3 Signs Your Aging Parents Need Financial Help
Average Debt For Seniors
The average debt for people age 65 and older has ballooned up to $50,000 as people on fixed incomes struggle to pay for medical bills, credit card debt and mortgage debt that they’ve carried over into retirement.
Because home equity loans were so easy to get before the 2008 financial crisis, many seniors have borrowed against their homes for home repairs, to help their kids or to put money into the stock market. And one-third of seniors are relying on credit cards to cover the basics of everyday living.
It’s a difficult subject to broach, but many financial planners suggest sitting down and having a frank discussion about your parent’s financial outlook. Do they know where they owe money? Where do they have bank accounts? Have they been hospitalized and socked with overwhelming medical bills?
If your parents allow you to help them with their finances, here are some signs to pay attention to:
All credit options are at or near their limit. If your parents have a number of accounts or cards that are close to the borrowing limit, it may be a sign that making even the minimum payment due on the cards is getting difficult.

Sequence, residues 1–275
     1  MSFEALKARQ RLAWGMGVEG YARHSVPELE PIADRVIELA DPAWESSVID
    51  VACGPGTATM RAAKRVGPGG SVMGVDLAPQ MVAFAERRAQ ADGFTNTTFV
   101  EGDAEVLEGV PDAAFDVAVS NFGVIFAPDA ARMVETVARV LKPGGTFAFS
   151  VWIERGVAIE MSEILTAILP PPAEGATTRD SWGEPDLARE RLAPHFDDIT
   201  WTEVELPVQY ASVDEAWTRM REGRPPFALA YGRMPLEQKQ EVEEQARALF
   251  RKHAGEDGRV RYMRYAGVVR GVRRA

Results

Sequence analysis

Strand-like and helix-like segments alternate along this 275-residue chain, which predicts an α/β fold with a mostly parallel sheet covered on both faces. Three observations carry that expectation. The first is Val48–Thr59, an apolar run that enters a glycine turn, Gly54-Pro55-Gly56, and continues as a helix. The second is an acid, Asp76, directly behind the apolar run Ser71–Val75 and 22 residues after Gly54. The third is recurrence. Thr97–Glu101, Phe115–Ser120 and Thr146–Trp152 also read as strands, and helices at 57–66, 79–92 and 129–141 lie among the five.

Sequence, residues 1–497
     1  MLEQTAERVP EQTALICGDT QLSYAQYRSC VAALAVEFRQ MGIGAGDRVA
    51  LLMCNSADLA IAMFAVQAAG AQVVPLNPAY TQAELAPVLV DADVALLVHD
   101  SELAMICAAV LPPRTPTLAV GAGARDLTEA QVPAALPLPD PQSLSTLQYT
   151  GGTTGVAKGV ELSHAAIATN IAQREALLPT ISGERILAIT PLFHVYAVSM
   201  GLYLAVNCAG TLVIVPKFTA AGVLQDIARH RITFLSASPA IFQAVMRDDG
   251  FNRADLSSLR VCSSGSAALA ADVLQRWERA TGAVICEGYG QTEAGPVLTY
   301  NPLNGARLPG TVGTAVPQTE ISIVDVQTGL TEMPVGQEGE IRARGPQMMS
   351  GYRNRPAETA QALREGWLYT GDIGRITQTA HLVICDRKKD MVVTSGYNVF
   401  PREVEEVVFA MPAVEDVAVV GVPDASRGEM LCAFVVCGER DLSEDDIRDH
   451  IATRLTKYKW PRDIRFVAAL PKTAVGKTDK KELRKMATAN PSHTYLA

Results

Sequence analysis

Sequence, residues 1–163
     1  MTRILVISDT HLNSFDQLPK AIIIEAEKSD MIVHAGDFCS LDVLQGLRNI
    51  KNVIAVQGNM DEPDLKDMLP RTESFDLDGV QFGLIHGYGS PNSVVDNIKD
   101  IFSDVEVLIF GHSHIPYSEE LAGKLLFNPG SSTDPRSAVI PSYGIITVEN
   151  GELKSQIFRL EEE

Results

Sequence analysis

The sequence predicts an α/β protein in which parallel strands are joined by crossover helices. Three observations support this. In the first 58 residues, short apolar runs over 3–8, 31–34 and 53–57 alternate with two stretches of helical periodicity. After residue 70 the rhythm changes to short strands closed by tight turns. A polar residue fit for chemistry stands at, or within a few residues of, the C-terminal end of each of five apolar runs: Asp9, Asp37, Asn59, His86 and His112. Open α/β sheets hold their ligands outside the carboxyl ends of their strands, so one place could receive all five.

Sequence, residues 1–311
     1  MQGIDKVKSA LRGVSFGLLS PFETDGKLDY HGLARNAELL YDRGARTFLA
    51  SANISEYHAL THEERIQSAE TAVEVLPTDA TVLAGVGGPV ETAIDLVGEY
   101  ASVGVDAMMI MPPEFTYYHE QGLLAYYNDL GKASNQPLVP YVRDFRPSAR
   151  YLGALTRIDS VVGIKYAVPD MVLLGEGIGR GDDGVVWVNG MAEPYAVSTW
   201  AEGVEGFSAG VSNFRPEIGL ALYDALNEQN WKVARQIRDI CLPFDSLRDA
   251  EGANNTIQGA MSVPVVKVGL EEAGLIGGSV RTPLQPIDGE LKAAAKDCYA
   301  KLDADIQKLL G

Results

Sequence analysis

They are falling behind on their mortgage. If your parents can’t keep up with mortgage payments, the bank could foreclose on the house and evict your parents.
They are thinking about liquidating retirement accounts to pay creditors. Liquidating assets to pay creditors is never the answer. When you liquidate your retirement accounts as a senior, you’re then forced to rely only on Social Security income.
At that point, it may make financial sense for your parent to meet with a trusted bankruptcy attorney to see what their options are. Retirement and pension accounts are considered safe during bankruptcy proceedings, and any foreclosure can be stopped with an automatic stay.
Call us today at 816-842-6200 to speak with an attorney. Or you can email us and schedule your free consultation.